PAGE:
There haven't been many turnarounds in Super League like Harlequins' second half at Wigan on Friday.|
For the bottom of the league to trail 24-6 at half-time and beat the top of the league 38-26 is the stuff of comic book fantasy.
Yet there was no fluke about it. Wigan were simply played off the park after the break.
They are still leading the competition, but that's the third rotten second half they have put in this season, following Bradford and Sheffield.
That has put just a little question mark over their credentials. As usual, there is a theory to go with it; in old school parlance, they might be what used to be called overtrained.
There is no doubt that Wigan were the fittest team in the comp during the first two months of the season, but that isn't a peak you can maintain indefinitely. If you could, it wouldn't be a peak - more of a plateau.
When your defence is built on getting extra men into the tackle, you don't have to be very far off the pace for the gaps to start to appear.
And as for that young Quins hooker Danny Orr... get him signed up, Wigan.
They don't exactly have an easy match with which to try to get back on the rails.
Wigan's clash with Huddersfield looks like the highlight of the Murrayfield weekend. I just hope there is a decent crowd there to see it.
A worrying number of people are saying that, although they enjoyed it last year, they feel they've now been there, done that, got the kilt.
It remains a great deal for anyone who likes lots of rugby in a beautiful city. What would you rather be doing this weekend?
|Rugby League: Challenge Cup draw evokes giant killing memories
||[Apr. 14th, 2010|12:34 pm]
It will bring back legions of memories on Saturday when Sheffield Eagles play Wigan in the Challenge Cup.|
Their victory over Wigan at Wembley 12 years ago ranks as the biggest Cup upset ever - although Leigh beating Leeds in 1971 pushes it hard.
The thing I remember about the build-up was Sheffield's absolute confidence that they were going to win.
If I had spent five minutes longer with Mark Aston, he would have convinced me to have a bet on them at 14-1 or whatever and I would still be living happily on the proceeds.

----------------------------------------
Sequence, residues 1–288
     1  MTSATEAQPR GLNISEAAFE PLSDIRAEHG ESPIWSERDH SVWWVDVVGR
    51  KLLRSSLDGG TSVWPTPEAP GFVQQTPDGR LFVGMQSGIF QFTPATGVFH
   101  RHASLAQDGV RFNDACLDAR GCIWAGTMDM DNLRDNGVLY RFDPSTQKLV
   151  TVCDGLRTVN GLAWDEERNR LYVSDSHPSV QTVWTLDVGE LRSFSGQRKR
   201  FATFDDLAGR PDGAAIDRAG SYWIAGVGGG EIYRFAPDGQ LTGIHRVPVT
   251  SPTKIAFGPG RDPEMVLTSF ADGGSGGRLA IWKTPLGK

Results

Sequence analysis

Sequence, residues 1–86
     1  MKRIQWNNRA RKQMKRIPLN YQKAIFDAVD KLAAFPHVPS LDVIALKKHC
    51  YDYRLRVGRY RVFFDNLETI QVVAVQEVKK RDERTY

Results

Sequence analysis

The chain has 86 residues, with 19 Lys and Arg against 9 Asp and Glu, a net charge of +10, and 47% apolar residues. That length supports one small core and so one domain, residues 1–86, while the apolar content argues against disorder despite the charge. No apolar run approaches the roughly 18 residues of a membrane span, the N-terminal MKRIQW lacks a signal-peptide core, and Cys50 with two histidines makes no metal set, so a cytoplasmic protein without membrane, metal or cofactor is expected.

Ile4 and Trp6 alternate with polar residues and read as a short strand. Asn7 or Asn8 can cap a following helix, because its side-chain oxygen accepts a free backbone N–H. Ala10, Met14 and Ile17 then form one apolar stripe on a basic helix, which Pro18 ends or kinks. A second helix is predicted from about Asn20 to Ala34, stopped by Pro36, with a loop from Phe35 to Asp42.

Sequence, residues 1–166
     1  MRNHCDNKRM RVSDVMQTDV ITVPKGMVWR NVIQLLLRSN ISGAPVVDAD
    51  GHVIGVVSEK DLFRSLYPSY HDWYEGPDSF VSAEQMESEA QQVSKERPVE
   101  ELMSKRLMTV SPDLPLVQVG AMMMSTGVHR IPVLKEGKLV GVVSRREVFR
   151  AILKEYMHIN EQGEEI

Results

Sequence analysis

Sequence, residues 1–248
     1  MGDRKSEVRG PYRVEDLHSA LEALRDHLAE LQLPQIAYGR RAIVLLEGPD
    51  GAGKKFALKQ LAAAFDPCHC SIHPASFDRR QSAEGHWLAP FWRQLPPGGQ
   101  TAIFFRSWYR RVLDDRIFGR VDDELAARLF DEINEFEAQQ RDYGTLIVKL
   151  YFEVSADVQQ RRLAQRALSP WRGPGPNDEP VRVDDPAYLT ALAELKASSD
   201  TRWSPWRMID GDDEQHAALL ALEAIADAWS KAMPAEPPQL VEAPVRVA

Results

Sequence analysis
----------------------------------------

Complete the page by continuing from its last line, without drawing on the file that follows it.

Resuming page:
Now Aston is the man who rescued the Eagles from the wreckage of their merger with Huddersfield, their coach and driving force.
He is talking in his irrepressible style about a repeat performance. Can they do it? No…. but don't be surprised if they play out of their skins and make it distinctly awkward.
The draw is not exactly full of giant-killing prospects. If Barrow were at home to a Castleford side currently in some disarray, I think I might fancy them for an upset.
As it is, Cas should have enough, as should Warrington, at home to another in-form Championship side, Featherstone.
In the big all-Super League ties, I'll go with home advantage and lean towards Hull against Leeds and Huddersfield against Hull KR.
Hopefully, the various deals on tickets will give us some decent crowds and the sense of occasion that the Challenge Cup still deserves.
|Rugby League: Wigan deserve praise, not criticism
||[Apr. 7th, 2010|02:24 pm]
When John Kear talks about rugby league, I invariably listen, because he has always been a fount of common sense.|
I couldn't go along, though, with his argument after his side's thrashing at Wigan - that the home side's mastery of the 'wrestle' in defence had not only tilted the game their way, but also made it boring.
There's no doubt that Wigan's ability to get extra men into the tackle - Melbourne-style - and therefore take longer to get them off makes them fiendishly difficult to play against.